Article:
I teach a range of interdisciplinary classes engaging twentieth and twenty-first century American literature and culture.  My regularly taught courses at University of Oregon include Environmental Literature (ENG 230), Nature in Popular Culture (ENVS 410), Diversity Initiatives on Public Lands (ENVS 410) and Introduction to Environmental Studies: Humanities (ENVS 203). I also teach courses in Latinx  Literatures, Immigrant Literatures, Women and Literature, Asian American Literature, and Place and Identity.

At the graduate level, I regularly teach Food Matters, the required interdisciplinary core course of the graduate certificate in Food Studies as well as graduate seminars on Race and the Environment in Literary and Cultural studies and Transnational Environmental Justice Cultural Studies. I also teach ENVS 633, a class that helps graduate students develop thesis proposals.

I am committed to creating community-classroom collaborations that recognize the importance of community-based knowledge and increase community access to academic knowledge production.  Often, these collaborations take the form of service learning.  At Drew University, students in my courses worked with the environmental organization, Bark, a public lands advocacy group focused on Mt. Hood National Forest, Grow It Green, El Comité de Apoyo A Los Trabajadores Agricolas, an organization advocating for farmworkers in New Jersey, and Morristown Neighborhood House where students worked with adult ESOL learners. I was also involved with an annual alternative spring break around Mountain Top Removal. At University of Oregon, students in my courses have partnered with Bark, Opal Environmental Justice Oregon, Beyond Toxics, and Food for Lane County.  I’m excited to continue developing new partnerships and enrich existing community partnerships at University of Oregon.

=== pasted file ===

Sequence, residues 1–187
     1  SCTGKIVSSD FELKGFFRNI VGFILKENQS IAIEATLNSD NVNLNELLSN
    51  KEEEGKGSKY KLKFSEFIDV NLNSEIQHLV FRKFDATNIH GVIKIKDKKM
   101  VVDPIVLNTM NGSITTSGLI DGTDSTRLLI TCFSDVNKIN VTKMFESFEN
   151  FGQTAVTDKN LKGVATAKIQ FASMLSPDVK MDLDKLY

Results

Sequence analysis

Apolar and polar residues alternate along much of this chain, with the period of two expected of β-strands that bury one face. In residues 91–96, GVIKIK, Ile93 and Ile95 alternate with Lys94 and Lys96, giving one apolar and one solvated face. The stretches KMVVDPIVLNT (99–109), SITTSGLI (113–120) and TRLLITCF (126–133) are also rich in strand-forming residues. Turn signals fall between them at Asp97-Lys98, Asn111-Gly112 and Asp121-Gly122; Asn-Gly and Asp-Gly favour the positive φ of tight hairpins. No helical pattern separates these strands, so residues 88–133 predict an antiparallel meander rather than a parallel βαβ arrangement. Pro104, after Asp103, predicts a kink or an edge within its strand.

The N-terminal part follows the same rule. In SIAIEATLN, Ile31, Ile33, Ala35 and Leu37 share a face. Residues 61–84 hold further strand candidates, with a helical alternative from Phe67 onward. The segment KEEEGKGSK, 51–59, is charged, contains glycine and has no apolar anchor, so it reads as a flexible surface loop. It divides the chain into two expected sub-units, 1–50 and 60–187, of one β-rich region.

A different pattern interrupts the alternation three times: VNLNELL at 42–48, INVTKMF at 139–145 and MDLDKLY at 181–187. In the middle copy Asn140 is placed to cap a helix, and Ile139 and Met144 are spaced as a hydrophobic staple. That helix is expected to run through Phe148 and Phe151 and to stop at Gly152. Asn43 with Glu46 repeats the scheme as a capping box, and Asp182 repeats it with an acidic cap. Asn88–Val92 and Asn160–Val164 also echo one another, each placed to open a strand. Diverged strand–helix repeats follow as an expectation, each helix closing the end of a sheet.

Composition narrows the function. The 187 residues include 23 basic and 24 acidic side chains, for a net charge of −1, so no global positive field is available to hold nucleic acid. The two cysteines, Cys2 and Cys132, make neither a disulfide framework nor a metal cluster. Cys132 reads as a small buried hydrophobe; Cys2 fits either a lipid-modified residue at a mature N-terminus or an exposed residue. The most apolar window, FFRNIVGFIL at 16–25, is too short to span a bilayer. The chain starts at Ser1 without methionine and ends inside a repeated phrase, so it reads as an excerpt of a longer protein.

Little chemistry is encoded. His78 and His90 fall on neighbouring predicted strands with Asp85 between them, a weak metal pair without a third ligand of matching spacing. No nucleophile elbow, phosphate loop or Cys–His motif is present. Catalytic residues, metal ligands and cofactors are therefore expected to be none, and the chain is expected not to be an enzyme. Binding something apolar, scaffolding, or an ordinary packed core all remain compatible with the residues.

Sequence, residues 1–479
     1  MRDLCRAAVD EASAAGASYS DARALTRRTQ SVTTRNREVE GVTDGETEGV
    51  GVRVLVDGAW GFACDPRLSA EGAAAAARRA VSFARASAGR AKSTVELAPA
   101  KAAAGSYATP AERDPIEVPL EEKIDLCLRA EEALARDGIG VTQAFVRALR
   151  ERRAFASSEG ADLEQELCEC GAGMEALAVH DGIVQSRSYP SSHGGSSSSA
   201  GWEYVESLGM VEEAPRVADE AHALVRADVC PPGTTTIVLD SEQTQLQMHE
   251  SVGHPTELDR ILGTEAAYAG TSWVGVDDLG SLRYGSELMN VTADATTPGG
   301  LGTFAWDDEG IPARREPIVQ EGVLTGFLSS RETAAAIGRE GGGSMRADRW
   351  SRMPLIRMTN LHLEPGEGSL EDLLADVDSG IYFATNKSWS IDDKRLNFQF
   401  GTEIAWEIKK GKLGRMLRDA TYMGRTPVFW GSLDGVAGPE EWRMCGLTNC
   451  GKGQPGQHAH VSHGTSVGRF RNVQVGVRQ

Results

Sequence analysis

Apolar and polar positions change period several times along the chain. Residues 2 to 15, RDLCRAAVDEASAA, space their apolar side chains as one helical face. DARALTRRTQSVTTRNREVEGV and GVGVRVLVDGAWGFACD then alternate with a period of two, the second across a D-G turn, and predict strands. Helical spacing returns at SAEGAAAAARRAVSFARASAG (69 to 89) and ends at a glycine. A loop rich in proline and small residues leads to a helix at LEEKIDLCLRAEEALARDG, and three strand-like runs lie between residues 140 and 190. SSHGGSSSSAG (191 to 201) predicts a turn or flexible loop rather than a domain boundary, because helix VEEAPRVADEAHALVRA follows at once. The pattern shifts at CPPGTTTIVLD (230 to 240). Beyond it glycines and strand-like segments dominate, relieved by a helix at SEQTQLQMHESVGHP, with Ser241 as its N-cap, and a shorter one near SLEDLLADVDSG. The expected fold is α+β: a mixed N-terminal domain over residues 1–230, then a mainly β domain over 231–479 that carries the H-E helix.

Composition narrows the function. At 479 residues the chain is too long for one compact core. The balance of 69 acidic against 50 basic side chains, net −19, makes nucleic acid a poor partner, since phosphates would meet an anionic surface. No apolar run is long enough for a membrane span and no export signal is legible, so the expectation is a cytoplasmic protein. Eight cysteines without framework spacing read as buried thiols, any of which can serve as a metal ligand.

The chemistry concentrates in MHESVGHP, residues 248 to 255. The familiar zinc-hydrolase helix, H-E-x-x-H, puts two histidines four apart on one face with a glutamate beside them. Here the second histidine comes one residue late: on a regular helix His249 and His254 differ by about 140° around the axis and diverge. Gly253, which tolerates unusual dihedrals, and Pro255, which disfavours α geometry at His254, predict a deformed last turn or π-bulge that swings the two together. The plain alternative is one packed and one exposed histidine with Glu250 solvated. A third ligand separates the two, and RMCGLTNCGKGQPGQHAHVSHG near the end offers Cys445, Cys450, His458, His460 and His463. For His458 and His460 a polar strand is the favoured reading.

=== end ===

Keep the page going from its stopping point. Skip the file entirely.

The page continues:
Drew University students in Professor Wald’s Environmental Writing class at Walden Pond


Drew University Alternative Spring Break to Kentucky.

Skip to toolbar